Most psychotherapists, counselors, MFTs and social workers are women, as are most of their clients. Although researchers find that there are more psychological similarities than differences between the genders, men do tend to bring different attitudes about therapy and emotional health into therapists’ offices. Many of the assumptions therapists have about therapy, and even much of the language they use, can make some male clients uncertain and uncomfortable.
As ethics expert Melba Vasquez points out in this course, therapists have an ethical obligation to understand the male perspective and adapt their own assumptions about therapy to fit their clients’ views. Of course, being effective with male clients can enhance our practices and the bottom line, too. No matter how well-intentioned or empathic they consider themselves, many therapists, both consciously and unconsciously, may often be out of tune with their male clients. While the process of mutual attunement can develop after several sessions, it seems reasonable to suspect that a considerable number of men, feeling like they’re playing on someone else’s field, feel so uncomfortable that they don’t make the initial call to come to therapy or don’t stick around long enough for therapy to actually take root and cohere.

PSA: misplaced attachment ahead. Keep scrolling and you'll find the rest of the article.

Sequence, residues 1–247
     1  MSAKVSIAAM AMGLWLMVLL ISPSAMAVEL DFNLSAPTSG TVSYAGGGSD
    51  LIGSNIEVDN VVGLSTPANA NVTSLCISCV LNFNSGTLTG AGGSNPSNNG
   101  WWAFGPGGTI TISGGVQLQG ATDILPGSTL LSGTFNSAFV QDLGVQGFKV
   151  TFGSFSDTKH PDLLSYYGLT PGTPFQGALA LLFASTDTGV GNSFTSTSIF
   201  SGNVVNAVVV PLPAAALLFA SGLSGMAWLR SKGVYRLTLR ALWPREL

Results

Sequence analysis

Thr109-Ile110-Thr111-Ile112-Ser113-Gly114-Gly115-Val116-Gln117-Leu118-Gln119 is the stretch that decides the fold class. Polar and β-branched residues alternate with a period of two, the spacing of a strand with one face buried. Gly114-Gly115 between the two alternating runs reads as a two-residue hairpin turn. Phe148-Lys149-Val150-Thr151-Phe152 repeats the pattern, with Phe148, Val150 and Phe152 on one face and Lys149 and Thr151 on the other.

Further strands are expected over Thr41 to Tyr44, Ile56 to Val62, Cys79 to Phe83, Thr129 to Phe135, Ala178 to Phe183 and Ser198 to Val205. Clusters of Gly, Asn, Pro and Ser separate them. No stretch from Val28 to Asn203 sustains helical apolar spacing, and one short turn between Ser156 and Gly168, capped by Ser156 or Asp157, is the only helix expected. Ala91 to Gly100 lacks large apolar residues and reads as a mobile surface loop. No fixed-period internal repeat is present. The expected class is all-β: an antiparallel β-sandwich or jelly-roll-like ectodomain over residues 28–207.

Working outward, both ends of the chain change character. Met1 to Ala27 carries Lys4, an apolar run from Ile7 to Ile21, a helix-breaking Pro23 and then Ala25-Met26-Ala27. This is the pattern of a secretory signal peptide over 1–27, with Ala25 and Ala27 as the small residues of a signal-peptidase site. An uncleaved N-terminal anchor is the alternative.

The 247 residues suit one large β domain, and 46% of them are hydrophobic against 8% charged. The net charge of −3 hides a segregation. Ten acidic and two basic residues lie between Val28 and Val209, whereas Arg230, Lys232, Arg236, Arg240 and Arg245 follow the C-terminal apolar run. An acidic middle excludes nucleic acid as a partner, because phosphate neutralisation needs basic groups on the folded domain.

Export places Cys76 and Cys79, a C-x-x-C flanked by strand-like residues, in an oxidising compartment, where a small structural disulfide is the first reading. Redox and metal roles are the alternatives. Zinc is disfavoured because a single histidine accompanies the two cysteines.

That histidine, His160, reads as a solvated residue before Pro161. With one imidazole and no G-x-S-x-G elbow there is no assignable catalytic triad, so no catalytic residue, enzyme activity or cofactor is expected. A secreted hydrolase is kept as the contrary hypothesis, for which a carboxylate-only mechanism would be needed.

Some of the topics covered in the course include:
- Using paradoxical intention, exaggeration and storytelling in psychotherapy with men
- The countertransference issues women and male therapists bring to therapy with male clients
- The transference issues male clients bring to therapy with female and male therapists
- Talking about depression from a masculine perspective
- How women therapists should present themselves and talk with male clients in the first session
- Awareness of our own internalized gender issues
- Forming men’s groups and exploration of the unique process of such a group
- Using Motivational Interviewing to help men conceptualize their issues